I think that's worth noting, both as a tribute to Castro's leadership, and also as a "pro tip" for any other revolutions.


ikosmos
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Quote:
From the International Committee for Peace, Justice and Dignity:

“On the occasion of the demise of the Commander in Chief of the Cuban Revolution, Fidel Castro Ruz, the Council of State of the Republic of Cuba declares nine days of National Mourning, as from the 06:00 hrs. of November 26 th, until the 12:00 hrs. of December 4th, 2016. For as long as the National Mourning is in place, public activities and shows shall not be held, the national flag shall be flown at half-staff in public buildings and military facilities. The radio and television shall broadcast informative, patriotic and historic programs.”


Council of State of the Republic of Cuba 

Statement from the Council of State, etc.


josh
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Paladin1
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6079_Smith_W wrote:

@ Paladin

I suppose that's par for the course considering the ongoing war on any kind of complex analysis.

And there are certainly some who agree with you partying down in Miami.

Ehttps://www.washingtonpost.com/world/in-wake-of-castros-death-cuban-exiles-cheer-in-miami-while-havana-stays-silent/2016/11/26/e77f0fd4-b3a5-11e6-bc2d-19b3d759cfe7_story.html

Given the circumstances he had to deal with, and what he managed to accomplish I rank him far above par, despite his many shortcomings.

For one thing, the fact that they aren't partying in Havana - and I seriously doubt that is because anyone has a gun to their head -  should tell you something.

That's fair Smith.  I'm not above giving credit where it's due. I think it's awesome he quite successfully gave the finger to the US for half a century.  I'm just don't turn a blind eye to the shitty stuff people like this do too, like murder.

 

lagatta wrote:

Paladin, I'm well aware of the negatives in Cuba, but I think you are deliberately darkening the picture.

 

I think the human rights abuse and murders paint their own picture. I'm just offering a counter POV to some who may want to practically canonize him.

His resistance against the US does make for a great debate and example, no disagreement here.

 

My boats made of garbage comment was in the context of just people trying to escape paradise cuba.  I do remember the Batista being a puppy US government. Castro hardly holds a candle to the crimes committed by the US government. The US government had a plan to kill their own citizens in order to drum up support against Cuba.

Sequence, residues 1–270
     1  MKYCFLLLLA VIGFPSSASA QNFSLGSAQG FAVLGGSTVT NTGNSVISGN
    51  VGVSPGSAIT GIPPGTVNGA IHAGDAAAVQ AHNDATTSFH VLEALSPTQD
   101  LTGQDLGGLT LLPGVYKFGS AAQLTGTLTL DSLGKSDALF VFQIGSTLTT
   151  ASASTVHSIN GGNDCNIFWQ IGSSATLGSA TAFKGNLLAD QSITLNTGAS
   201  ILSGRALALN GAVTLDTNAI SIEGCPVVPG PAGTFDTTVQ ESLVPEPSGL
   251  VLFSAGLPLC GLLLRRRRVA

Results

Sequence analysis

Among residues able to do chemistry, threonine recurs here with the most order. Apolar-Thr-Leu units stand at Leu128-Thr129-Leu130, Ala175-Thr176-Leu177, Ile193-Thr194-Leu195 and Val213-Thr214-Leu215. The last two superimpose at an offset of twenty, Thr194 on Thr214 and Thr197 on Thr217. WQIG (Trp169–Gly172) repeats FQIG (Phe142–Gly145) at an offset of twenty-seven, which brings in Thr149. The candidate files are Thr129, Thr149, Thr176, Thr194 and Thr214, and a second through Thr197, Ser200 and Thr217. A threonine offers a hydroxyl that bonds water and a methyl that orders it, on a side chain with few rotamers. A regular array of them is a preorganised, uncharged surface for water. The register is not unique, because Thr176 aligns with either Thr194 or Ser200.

currents
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Can someone please decode Tom Mulcair's twitter comment on Casto's death. To me it looks indistinguishable from Rona Ambrose's comment but I should admit a slight bias on my part. For a cogent review of Castro, people should read what Eduardo Galeano wrote (spanish only) in

Rebelión, 26-11-2016

http://www.rebelion.org/

 


Mr. Magoo
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Joined: Dec 13 2002

Quote:
Can someone please decode Tom Mulcair's twitter comment on Casto's death. To me it looks indistinguishable from Rona Ambrose's comment

Well, here's what I could find on CBC:

Quote:
"My thoughts and prayers are with the people of Cuba who continue to endure his long and oppressive regime, even after his death," she (Ambrose) wrote.

NDP Leader Tom Mulcair shared a similar message on Twitter. "Upon the passing of Fidel Castro let us think of the lives impacted by his actions and be hopeful for the future of the Cuban people."

I don't think Ambrose's comment needs any unpacking.  Admittedly, Tom's (or at least the sentence above) is ambiguous.

So I suppose we could imagine him saying either of the following:

1. "Upon the passing of Fidel Castro let us think of the lives [negatively] impacted by his actions and be hopeful for the future of the Cuban people [after he screwed everything up for them]."

2. "Upon the passing of Fidel Castro let us think of the lives [positively] impacted by his actions and be hopeful for the future of the Cuban people [without his leadership]."

My guess, personally:  #2.

ed'd to add:  Here's Barack Obama:

Quote:

"At this time of Fidel Castro's passing, we extend a hand of friendship to the Cuban people," he said in a statement, noting his administration had "worked hard to put the past behind us."

As for Castro's legacy, he said "history will record and judge the enormous impact of this singular figure on the people and world around him."

And that, my friends, is how you do "ambiguous".  That's ambiguous taken to the point of diplomatic.

And just to be fair, here's President-elect Donald Trump:

Quote:
Fidel Castro is dead!

Already a statesman.

 

 


jjuares
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Joined: Jan 21 2012
This is where the left gets itself in trouble. Socialism requires democracy and in that crucial respect Casto falls short.

alan smithee
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Fuck off Ambrose. We're still shaking off your party's oppression. Mulcair's response was not surprising. Very diplomatic. Trump? What a fuckin' buffoon.


Mr. Magoo
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Quote:
Socialism requires democracy and in that crucial respect Casto falls short.

Utopian Socialism surely requires democracy.  But historically, state socialism doesn't really seem to have had much interest in it.  From state socialism's point of view, giving people a genuine choice means taking the chance that they won't choose state socialism.

To be fair, Cuba does allow the people to choose which representative from the Communist Party they prefer.  But do you come to bury Castro, or to praise him?


jjuares
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Mr. Magoo wrote:

Quote:
Socialism requires democracy and in that crucial respect Casto falls short.